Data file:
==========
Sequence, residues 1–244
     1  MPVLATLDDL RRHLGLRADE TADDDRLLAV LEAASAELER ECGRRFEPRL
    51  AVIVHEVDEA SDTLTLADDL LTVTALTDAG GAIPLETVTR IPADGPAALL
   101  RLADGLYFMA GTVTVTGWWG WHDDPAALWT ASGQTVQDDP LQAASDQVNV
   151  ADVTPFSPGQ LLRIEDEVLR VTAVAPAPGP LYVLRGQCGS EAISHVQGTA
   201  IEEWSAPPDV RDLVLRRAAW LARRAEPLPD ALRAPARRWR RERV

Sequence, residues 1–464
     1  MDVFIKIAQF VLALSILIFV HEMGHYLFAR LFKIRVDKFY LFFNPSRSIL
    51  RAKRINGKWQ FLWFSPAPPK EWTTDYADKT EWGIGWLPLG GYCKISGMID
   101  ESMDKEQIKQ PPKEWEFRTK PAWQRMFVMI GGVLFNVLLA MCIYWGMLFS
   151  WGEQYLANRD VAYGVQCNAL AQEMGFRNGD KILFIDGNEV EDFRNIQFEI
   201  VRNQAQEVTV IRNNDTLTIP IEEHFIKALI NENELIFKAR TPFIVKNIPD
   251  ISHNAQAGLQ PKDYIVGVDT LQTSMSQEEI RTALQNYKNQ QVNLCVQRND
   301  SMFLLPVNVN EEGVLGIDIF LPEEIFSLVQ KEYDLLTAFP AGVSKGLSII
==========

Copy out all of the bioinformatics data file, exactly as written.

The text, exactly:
Sequence, residues 1–244
     1  MPVLATLDDL RRHLGLRADE TADDDRLLAV LEAASAELER ECGRRFEPRL
    51  AVIVHEVDEA SDTLTLADDL LTVTALTDAG GAIPLETVTR IPADGPAALL
   101  RLADGLYFMA GTVTVTGWWG WHDDPAALWT ASGQTVQDDP LQAASDQVNV
   151  ADVTPFSPGQ LLRIEDEVLR VTAVAPAPGP LYVLRGQCGS EAISHVQGTA
   201  IEEWSAPPDV RDLVLRRAAW LARRAEPLPD ALRAPARRWR RERV

Sequence, residues 1–464
     1  MDVFIKIAQF VLALSILIFV HEMGHYLFAR LFKIRVDKFY LFFNPSRSIL
    51  RAKRINGKWQ FLWFSPAPPK EWTTDYADKT EWGIGWLPLG GYCKISGMID
   101  ESMDKEQIKQ PPKEWEFRTK PAWQRMFVMI GGVLFNVLLA MCIYWGMLFS
   151  WGEQYLANRD VAYGVQCNAL AQEMGFRNGD KILFIDGNEV EDFRNIQFEI
   201  VRNQAQEVTV IRNNDTLTIP IEEHFIKALI NENELIFKAR TPFIVKNIPD
   251  ISHNAQAGLQ PKDYIVGVDT LQTSMSQEEI RTALQNYKNQ QVNLCVQRND
   301  SMFLLPVNVN EEGVLGIDIF LPEEIFSLVQ KEYDLLTAFP AGVSKGLSII